Is there a way to shoot aperture priority (where you select the aperture and the camera selects the shutter speed) on a W1?
Maybe I'm missing something, but I've been through the manual and don't see it and before I give up I thought I would ask. And yes, I do see how in M mode you can select both the aperture and the shutter speed and the EV tells you if you're off. That seems very cumbersome.
Thanks for your help and I hope this isn't a stupid question; but I did a forum search and didn't see anything.
A 6ya expert can help you resolve that issue over the phone in a minute or two.
Best thing about this new service is that you are never placed on hold and get to talk to real repairmen in the US.
The service is completely free and covers almost anything you can think of (from cars to computers, handyman, and even drones). click here to download the app (for users in the US for now) and get all the help you need. Good luck!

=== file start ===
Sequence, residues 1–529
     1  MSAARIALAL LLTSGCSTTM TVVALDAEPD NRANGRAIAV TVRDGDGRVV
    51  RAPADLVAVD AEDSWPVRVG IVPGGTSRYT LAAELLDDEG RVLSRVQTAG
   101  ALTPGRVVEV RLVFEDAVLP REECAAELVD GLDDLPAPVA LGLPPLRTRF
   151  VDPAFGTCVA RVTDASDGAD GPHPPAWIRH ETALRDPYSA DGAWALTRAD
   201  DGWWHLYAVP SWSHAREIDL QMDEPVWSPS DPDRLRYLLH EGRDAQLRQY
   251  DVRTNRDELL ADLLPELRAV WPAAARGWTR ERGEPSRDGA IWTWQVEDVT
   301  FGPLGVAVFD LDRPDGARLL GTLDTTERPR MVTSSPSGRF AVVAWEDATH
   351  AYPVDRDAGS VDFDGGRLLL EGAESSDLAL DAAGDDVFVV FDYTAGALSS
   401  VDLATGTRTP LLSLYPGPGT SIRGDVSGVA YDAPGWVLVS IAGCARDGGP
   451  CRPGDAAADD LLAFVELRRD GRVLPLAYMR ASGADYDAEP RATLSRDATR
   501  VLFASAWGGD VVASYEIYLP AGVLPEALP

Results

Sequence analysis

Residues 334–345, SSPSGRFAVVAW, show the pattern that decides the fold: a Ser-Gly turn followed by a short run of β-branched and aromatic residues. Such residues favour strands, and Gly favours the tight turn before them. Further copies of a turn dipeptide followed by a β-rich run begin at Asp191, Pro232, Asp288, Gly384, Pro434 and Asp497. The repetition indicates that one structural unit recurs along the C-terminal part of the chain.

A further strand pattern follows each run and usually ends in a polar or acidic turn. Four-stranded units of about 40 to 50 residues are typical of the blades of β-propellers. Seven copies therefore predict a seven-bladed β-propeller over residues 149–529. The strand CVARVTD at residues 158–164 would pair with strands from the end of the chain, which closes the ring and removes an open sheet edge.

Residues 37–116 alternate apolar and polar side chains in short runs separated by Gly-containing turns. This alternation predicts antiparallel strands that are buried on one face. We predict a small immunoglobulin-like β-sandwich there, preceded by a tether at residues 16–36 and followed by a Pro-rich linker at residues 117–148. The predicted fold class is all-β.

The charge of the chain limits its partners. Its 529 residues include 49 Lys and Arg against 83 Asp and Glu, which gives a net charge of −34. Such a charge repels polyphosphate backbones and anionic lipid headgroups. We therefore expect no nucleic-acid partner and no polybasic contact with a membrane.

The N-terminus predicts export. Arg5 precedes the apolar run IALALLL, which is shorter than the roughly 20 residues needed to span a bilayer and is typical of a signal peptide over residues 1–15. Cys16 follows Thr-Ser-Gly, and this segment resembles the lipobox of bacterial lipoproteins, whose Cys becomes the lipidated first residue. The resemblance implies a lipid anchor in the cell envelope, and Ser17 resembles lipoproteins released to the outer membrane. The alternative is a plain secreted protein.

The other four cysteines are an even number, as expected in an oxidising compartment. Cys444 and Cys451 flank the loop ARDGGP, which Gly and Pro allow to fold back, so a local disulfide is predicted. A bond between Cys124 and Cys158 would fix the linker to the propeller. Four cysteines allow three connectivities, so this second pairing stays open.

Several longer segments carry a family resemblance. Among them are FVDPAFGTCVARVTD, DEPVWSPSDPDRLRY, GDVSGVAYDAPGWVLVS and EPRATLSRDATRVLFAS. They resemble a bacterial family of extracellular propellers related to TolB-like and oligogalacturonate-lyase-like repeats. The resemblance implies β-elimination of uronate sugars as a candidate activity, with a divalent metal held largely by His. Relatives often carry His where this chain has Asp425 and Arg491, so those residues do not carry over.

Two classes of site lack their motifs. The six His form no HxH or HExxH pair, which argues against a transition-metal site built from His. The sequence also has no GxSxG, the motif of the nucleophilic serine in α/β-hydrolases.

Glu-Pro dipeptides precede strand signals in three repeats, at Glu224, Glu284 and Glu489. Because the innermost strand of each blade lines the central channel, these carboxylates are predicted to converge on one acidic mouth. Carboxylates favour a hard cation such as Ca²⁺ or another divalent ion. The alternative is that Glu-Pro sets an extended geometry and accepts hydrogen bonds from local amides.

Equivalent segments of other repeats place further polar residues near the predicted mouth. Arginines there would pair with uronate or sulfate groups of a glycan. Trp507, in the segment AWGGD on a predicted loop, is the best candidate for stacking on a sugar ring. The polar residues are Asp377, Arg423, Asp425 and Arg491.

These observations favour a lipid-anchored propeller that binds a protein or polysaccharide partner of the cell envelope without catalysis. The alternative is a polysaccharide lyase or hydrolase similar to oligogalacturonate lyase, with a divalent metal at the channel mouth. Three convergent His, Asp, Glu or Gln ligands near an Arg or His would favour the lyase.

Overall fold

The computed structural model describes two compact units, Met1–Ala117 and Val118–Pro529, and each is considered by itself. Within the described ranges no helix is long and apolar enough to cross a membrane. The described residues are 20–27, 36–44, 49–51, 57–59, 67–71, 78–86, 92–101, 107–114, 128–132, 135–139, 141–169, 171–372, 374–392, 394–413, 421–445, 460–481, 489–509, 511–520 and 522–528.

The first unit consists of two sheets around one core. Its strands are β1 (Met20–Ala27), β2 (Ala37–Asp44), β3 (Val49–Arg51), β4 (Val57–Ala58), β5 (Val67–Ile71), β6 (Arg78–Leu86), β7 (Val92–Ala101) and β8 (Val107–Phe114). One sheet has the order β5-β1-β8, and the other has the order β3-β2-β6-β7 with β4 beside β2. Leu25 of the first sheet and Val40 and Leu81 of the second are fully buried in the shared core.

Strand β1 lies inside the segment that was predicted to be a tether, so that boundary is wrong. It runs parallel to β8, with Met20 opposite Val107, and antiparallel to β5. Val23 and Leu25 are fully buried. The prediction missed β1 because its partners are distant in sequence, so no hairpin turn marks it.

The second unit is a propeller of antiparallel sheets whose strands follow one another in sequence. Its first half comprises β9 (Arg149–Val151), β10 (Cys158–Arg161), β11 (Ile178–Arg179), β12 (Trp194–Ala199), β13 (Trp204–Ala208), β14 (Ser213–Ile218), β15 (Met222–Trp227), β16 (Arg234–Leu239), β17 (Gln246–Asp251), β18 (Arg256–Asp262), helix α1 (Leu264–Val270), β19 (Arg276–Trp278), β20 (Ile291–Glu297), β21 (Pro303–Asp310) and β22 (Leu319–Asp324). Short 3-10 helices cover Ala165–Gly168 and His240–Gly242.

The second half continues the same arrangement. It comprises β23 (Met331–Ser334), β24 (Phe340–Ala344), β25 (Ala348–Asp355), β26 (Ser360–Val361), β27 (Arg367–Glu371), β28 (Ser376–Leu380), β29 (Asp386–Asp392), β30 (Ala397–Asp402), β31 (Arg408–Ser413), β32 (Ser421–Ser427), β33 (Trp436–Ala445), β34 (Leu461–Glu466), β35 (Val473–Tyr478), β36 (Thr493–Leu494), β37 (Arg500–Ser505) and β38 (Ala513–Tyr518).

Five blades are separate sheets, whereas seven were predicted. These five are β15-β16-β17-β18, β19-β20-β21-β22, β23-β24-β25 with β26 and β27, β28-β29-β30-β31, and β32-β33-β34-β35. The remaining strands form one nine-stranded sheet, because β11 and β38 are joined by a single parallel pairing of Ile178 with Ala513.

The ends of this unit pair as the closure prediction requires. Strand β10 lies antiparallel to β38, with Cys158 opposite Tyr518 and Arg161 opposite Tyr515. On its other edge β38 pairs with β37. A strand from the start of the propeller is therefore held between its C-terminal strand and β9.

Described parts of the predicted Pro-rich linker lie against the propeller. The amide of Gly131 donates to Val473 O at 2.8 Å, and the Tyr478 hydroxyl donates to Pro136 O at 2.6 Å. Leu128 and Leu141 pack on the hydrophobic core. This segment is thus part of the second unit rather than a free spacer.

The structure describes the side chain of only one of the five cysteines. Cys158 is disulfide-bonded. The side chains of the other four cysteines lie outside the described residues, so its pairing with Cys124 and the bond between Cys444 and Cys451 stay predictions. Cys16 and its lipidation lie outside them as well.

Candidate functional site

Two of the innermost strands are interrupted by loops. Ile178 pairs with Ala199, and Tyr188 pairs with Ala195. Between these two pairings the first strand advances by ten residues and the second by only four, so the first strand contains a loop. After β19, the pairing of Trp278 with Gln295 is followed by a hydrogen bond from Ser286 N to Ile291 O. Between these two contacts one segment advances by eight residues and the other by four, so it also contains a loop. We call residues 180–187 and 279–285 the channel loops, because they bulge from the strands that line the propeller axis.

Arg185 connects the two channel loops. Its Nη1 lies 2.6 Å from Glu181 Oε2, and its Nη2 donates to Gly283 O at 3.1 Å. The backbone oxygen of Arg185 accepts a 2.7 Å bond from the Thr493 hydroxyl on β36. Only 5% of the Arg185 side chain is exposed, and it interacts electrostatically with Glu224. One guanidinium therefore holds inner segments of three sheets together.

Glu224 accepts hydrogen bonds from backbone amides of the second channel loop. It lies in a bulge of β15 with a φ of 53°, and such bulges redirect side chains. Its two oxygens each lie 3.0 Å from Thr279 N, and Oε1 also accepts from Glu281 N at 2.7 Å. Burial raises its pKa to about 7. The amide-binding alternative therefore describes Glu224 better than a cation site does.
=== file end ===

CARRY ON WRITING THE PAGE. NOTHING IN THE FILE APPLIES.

- If you need clarification, ask it in the comment box above.
- Better answers use proper spelling and grammar.
- Provide details, support with references or personal experience.
Tell us some more! Your answer needs to include more details to help people.You can't post answers that contain an email address.Please enter a valid email address.The email address entered is already associated to an account.Login to postPlease use English characters only.
Tip: The max point reward for answering a question is 15.
That depends on the sport, the location, and what you want the pictures to say to the viewer. You won't necessarily shoot a daytime football game outdoors the same way as a basketball game indoors.